When Germany and Austria's shattered economies started to make its comeback in the wake of the Second World War, it was due in no small part to the production of a snazzy sports car, the likes of which the world had never seen. That car, first produced in Austria in 1948, was the legendary classic Porsche 356. Bearing only the slightest resemblance to its little sibling, the VW Beetle, the 356 was light, sure footed and fast. For the first two years, the vehicle was built at a plant in Gmünd, Austria. In 1950, manufacturing was moved to Zuffenhausen, outside of Stuttgart, West Germany, where production continued for another 15 years.
The design traces its origins a pre-war concept racing car, known as the Porsche Type 64. As Ferdinand Porsche was the original designer of the "People's Car," it's not surprising that the Type 64 looked a great deal like a flattened-out VW Beetle on steroids. Three of these vehicles were construction before war broke out in Europe, made by hand of aluminum construction. One of them was destroyed in a bombing raid shortly after the start of the war. The Porsche family used two of them, but eventually put one of them in storage. However, when U.S. occupation troops arrived in May of 1945, some G.I.s found the car and decided to lop off the roof and use it for tooling around the countryside. Eventually, the engine wore out it wound up on the scrap heap. The sole surviving example of the Porsche Type 64 is still in existence, and was actually driven in a vintage road race in Monterey, California in 1982.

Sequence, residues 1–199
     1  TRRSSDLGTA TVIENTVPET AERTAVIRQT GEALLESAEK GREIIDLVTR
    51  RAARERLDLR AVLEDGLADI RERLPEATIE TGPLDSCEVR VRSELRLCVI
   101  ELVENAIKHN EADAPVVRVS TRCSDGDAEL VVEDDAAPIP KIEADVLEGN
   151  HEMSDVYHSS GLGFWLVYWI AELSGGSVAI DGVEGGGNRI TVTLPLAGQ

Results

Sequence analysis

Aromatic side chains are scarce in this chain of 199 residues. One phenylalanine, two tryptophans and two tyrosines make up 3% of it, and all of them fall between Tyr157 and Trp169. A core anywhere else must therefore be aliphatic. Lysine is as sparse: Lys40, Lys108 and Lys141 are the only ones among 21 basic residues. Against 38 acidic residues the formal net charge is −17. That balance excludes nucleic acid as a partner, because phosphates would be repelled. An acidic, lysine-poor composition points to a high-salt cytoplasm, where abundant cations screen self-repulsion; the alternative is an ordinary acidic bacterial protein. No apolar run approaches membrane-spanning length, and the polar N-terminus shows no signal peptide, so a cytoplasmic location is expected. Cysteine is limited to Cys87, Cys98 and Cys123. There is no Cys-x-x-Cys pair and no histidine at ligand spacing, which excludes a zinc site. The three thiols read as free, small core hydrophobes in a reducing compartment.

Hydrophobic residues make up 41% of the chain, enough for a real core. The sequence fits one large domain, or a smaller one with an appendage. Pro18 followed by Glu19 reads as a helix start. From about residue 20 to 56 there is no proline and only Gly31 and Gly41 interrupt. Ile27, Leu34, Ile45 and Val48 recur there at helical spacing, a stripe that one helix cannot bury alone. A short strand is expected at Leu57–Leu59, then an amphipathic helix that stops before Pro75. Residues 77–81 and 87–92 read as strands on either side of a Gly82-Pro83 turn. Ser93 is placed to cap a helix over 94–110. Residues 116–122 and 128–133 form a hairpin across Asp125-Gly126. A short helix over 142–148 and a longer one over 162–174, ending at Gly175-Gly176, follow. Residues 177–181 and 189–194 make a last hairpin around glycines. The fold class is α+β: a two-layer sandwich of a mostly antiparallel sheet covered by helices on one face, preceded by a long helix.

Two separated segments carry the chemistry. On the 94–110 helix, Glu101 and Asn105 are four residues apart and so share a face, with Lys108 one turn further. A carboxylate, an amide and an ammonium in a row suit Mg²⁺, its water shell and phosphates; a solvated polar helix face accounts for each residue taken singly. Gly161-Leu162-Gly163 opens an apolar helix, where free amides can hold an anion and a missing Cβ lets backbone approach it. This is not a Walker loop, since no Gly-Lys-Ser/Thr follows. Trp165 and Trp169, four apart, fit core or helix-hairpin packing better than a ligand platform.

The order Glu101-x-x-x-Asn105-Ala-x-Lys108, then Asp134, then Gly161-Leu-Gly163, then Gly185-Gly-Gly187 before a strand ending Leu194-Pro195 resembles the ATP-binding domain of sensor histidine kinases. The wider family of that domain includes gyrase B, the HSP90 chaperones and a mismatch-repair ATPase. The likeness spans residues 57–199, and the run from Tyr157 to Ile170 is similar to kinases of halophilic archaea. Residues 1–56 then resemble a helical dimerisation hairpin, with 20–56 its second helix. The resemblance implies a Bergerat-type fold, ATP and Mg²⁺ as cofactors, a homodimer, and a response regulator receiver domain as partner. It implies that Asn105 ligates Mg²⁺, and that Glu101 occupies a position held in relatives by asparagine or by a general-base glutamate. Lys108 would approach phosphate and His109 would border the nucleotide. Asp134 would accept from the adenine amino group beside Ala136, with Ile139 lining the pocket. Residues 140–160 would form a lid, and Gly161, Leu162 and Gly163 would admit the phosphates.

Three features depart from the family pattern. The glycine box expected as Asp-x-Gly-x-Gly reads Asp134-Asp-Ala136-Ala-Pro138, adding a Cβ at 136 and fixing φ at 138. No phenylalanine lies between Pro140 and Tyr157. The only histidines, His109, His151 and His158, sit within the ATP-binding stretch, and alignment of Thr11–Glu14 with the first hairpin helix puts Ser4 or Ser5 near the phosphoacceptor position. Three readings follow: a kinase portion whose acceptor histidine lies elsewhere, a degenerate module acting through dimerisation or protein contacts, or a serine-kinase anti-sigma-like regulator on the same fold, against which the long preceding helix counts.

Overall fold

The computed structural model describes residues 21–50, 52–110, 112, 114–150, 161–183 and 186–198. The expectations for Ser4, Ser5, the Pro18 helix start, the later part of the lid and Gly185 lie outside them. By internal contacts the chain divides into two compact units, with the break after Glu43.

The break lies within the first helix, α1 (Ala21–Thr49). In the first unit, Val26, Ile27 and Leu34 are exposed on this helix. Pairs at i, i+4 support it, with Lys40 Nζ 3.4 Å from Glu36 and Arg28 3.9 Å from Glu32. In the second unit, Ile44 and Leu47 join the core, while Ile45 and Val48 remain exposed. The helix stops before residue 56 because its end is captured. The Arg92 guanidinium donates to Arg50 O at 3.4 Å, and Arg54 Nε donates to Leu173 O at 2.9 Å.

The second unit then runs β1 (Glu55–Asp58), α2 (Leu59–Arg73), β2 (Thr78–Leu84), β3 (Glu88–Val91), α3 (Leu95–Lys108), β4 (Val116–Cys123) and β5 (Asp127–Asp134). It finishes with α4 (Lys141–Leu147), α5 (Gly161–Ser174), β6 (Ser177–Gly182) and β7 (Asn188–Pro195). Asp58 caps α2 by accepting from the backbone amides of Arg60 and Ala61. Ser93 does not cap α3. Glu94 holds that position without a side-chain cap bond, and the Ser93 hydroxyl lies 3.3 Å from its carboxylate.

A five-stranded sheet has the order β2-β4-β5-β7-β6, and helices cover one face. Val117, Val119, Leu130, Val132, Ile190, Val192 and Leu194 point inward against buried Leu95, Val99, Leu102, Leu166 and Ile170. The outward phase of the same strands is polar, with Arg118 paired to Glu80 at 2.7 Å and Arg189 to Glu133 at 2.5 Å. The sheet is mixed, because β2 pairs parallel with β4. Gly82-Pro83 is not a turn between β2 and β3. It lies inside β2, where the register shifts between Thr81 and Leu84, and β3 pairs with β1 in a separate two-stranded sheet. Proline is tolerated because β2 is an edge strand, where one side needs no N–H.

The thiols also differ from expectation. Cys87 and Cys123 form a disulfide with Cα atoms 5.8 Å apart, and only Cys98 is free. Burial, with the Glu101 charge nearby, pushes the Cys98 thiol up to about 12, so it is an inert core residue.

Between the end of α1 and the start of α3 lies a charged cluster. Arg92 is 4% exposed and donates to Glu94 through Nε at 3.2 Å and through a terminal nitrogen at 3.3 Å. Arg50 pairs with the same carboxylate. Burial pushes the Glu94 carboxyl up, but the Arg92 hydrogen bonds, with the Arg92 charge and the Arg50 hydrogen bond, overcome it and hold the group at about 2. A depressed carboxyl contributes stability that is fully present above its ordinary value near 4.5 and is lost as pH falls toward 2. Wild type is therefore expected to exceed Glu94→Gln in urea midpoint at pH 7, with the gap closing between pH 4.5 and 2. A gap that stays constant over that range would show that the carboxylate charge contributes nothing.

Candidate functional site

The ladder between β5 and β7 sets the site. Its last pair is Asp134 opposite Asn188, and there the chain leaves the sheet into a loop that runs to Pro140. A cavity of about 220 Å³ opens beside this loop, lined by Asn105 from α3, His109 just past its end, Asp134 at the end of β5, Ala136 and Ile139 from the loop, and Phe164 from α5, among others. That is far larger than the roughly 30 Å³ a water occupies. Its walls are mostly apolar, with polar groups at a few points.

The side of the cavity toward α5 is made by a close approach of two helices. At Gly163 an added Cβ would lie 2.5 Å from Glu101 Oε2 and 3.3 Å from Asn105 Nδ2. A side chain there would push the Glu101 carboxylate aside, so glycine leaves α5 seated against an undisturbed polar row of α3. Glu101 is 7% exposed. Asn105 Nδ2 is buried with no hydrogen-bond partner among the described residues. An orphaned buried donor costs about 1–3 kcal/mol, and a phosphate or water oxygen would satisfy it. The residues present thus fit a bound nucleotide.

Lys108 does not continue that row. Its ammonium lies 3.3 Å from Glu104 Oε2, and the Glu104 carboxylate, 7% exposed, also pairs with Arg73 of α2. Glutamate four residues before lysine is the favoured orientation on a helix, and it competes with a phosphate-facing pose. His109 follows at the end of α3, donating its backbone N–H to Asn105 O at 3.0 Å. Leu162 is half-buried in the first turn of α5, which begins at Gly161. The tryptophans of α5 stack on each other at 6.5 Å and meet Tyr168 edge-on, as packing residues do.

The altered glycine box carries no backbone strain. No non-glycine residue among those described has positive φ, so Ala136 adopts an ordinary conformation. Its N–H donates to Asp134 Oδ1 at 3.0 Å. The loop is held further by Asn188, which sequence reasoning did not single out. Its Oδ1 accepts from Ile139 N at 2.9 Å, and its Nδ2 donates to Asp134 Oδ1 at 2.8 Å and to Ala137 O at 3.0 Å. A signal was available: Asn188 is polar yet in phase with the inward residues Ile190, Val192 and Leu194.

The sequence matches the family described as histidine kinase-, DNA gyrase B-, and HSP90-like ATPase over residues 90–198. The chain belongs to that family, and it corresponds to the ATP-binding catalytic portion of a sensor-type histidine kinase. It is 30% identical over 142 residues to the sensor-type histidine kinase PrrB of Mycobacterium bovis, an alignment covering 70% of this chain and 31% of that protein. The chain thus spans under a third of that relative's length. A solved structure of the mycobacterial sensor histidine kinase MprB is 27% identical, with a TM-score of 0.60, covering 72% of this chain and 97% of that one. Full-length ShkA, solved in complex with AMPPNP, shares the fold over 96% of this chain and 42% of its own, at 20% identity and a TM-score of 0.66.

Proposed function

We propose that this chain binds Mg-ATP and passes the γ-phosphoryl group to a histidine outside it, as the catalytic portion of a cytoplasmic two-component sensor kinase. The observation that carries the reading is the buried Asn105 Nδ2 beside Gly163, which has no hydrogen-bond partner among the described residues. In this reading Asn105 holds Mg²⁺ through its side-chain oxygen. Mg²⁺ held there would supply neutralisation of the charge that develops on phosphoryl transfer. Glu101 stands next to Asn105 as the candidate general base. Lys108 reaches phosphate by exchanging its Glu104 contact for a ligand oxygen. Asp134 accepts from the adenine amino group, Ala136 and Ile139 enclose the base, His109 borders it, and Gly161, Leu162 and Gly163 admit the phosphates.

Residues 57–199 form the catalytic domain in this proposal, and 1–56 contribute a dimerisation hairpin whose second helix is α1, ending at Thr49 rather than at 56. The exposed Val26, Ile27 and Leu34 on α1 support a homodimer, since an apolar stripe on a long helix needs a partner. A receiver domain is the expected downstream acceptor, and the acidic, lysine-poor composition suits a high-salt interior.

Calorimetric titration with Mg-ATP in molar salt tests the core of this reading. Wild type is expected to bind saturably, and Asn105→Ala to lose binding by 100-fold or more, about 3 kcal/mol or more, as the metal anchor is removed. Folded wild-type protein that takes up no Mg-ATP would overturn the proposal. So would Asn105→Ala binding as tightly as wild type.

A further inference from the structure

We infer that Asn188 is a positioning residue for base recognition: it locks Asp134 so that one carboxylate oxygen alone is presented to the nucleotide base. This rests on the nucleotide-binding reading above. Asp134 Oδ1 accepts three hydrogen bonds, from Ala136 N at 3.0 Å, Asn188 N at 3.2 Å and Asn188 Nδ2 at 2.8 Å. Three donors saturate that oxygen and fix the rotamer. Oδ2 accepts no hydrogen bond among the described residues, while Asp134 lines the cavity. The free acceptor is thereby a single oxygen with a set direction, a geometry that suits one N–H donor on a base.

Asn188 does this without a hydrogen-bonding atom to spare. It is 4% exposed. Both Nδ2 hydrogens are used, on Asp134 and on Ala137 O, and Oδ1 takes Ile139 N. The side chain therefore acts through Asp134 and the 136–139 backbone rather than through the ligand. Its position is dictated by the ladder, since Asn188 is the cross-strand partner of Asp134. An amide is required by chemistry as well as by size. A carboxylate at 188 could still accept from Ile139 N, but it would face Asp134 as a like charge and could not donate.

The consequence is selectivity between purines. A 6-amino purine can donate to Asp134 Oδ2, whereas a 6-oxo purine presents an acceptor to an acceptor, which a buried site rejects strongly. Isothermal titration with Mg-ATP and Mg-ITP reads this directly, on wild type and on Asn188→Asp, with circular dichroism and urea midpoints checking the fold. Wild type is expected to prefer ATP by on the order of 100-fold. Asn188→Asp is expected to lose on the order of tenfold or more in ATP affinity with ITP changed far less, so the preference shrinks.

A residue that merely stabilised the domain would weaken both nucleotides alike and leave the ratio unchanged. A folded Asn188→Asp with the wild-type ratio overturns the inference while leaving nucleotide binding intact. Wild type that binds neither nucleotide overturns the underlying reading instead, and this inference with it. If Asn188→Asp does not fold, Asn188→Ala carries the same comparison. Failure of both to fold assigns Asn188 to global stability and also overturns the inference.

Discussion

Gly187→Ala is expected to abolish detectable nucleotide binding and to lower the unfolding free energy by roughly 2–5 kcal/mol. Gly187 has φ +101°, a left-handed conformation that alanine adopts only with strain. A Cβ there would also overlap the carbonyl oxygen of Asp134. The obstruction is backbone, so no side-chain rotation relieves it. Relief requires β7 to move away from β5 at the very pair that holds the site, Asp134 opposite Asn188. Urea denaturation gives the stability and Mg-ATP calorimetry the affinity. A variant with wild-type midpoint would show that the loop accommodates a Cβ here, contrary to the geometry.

The first Porsche 356 hit the road in June of 1948 and won the first race it was entered into. At first, Porsche and Volkswagen shared many parts and components, but this changed over the ensuing decades as the two divisions went their separate ways. In the beginning, production was slow; only fifty vehicles were produced during the first two years. Eventually however, Porsche's success in road rallies and races caught the attention of motoring enthusiasts in Europe as well as North America.
One of the most famous owners of an early Porsche 356 was actor James Dean, who was killed while driving one on a California highway in September of 1955. By then, the Porsche 356 was widely available at U.S. dealerships. They weren't cheap, even then; the sticker price of a new Porsche 356 in the late 1950s was a whopping $4,000 - about the same price as a new Cadillac at the time. Today, that is equivalent to about $34,000, which would be a heck of a bargain. A fully restored Porsche 356 today can fetch as much as $100,000 at auction.
Fortunately for restorers, there's a fair amount of Porsche 356 used parts around as well as Porsche 356 replica parts. However, if you want to save some serious money, check out the discount pricing at PartsGeek.com, where you'll find Porsche 356 parts for sale at up to 80% off the retail price you'd pay elsewhere.